Rashi’s Daughters, Book II: Miriam: A Novel of Love and the Talmud in Medieval France by Maggie Anton (2007)
The engrossing historical series of three sisters living in eleventh-century Troyes, France, continues with the tale of Miriam, the lively and daring middle child of Salomon ben Isaac, the great Talmudic authority. Having no sons, he teaches his daughters the intricacies of Mishnah and Gemara in an era when educating women in Jewish scholarship was unheard of. His middle daughter, Miriam, is determined to bring new life safely into the Troyes Jewish community and becomes a midwife. As devoted as she is to her chosen path, she cannot foresee the ways in which she will be tested and how heavily she will need to rely on her faith. With Rashi’s Daughters, author Maggie Anton brings the Talmud and eleventh-century France to vivid life and poignantly captures the struggles and triumphs of strong Jewish women.
Rashi’s Daughters, Book I: Joheved: A Novel of Love and the Talmud in Medieval France by Maggie Anton (2007)
In 1068, the scholar Salomon ben Isaac returns home to Troyes, France, to take over the family winemaking business and embark on a path that will indelibly influence the Jewish world, writing the first Talmud commentary, and secretly teaching Talmud to his daughters.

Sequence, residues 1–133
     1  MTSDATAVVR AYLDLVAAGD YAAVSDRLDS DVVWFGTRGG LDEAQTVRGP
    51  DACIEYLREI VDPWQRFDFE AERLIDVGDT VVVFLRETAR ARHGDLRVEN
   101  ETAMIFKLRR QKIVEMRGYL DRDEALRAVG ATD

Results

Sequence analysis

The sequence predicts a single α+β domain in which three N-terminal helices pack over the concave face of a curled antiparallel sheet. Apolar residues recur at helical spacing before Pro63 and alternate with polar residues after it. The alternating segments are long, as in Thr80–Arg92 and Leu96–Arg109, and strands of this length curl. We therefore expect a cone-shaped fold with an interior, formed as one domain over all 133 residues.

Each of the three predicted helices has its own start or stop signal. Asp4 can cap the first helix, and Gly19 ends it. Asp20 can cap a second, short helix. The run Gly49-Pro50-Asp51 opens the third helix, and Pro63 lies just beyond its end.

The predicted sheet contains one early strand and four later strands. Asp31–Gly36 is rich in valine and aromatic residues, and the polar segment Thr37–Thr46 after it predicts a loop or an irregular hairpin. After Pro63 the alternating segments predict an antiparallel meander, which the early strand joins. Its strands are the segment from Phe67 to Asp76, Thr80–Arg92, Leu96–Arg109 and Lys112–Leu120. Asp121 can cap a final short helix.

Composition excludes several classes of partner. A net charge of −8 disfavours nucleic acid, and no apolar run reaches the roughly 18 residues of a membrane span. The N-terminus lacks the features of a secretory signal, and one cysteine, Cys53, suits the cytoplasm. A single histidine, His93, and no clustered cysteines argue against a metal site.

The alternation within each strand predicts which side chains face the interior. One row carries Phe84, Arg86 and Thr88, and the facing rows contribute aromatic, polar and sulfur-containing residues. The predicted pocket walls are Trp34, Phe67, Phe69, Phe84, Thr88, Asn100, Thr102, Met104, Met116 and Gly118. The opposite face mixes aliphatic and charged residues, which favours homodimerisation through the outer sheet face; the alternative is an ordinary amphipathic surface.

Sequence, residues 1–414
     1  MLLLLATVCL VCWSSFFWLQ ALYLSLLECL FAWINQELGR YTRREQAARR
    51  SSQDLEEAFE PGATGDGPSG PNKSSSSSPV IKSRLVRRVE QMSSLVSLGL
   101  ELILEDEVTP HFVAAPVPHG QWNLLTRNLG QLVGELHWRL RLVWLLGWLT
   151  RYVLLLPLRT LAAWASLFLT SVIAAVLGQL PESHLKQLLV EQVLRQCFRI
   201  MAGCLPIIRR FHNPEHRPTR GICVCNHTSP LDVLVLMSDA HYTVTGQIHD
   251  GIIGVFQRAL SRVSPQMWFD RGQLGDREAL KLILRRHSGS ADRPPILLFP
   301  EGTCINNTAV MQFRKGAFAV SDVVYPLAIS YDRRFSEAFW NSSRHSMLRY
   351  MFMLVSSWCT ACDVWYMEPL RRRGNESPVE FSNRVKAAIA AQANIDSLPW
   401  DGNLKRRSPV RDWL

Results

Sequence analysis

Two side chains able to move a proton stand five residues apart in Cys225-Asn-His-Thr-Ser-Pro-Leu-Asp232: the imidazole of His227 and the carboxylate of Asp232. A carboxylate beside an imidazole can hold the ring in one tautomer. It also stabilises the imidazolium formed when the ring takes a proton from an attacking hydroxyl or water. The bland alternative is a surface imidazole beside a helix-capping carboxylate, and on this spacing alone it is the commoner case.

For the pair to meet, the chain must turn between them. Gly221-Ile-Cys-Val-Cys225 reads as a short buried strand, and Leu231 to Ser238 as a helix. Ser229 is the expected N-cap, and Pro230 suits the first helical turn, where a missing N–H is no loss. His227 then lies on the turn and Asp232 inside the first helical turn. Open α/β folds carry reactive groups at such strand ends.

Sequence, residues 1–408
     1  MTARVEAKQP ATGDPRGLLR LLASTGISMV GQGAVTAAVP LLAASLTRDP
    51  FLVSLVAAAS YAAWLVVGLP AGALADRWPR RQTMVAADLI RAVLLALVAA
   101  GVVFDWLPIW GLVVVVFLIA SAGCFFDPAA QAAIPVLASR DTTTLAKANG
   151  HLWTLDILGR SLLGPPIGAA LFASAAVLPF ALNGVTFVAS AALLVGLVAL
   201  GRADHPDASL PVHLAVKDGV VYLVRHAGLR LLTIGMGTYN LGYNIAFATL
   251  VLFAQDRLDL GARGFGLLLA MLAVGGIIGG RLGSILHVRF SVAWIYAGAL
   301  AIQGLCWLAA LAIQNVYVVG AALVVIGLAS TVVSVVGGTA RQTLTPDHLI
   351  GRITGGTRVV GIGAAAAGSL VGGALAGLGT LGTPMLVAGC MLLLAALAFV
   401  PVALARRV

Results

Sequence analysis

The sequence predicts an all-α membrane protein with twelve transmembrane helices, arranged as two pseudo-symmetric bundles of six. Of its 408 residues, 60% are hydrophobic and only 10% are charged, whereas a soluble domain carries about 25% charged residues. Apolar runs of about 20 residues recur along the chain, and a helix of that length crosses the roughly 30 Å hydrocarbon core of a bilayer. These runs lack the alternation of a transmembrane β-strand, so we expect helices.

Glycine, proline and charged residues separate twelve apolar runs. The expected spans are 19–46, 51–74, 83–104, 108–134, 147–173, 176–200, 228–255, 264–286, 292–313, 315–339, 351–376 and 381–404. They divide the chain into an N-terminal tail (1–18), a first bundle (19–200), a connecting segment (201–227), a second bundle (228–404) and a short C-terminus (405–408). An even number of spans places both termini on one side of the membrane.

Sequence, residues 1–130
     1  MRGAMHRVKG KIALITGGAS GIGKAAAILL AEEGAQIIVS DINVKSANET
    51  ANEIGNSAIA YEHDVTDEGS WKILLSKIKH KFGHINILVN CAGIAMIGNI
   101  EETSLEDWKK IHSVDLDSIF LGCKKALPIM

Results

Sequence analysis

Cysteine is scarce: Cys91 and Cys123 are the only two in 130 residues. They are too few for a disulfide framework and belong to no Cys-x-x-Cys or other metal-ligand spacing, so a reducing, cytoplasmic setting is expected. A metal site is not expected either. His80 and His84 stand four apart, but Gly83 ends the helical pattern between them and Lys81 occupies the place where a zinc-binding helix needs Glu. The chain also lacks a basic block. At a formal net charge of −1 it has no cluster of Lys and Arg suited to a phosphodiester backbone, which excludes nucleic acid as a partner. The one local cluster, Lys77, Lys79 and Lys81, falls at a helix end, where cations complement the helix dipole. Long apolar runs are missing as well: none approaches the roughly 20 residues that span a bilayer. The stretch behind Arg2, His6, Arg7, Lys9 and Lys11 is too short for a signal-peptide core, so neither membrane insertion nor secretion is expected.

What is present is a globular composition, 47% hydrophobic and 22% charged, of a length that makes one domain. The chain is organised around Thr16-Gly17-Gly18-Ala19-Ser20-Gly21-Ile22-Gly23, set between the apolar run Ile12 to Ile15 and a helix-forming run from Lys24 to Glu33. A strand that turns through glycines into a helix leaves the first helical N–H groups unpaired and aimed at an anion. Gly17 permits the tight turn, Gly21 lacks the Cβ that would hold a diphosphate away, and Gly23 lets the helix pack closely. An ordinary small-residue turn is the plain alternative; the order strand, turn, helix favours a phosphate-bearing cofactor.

Joheved, the eldest of his three girls, finds her mind and spirit awakened by religious study, but, knowing the risk, she must keep her passion for learning and prayer hidden. When she becomes betrothed to Meir ben Samuel, she is forced to choose between marital happiness and being true to her love of the Talmud.
Rich in period detail and drama, Joheved is a must read for fans of Tracy Chevalier?s Girl With a Pearl Earring.
Mentsh: On Being Jewish and Queer: Edited by Angela Brown with foreword by Rabbi Lisa Edwards and contributions by BCC members Jeff Bernhardt, Davi Cheng, Bonnie S. Kaplan, and Shifra Teitelbaum (2004)
Tossed between sometimes contradictory cultural imperatives, queer Jews often find themselves in a soul-searching struggle to integrate their religious beliefs with their gayness. Over 30 contributors from around the world (including Israel, Serbia, and Australia) reveal their surprising, poignant, sometimes hilarious experiences in ways that offer a staggering perspective on issues of identity, institutions and culture from the viewpoint of the queer outsider struggling to belong. Contributors include: Leslie Feinberg, Bruce Shenitz, Leslea Newman, Bonnie J. Morris, Elana Dykewomon, Aaron Hamburger, and Simon Sheppard.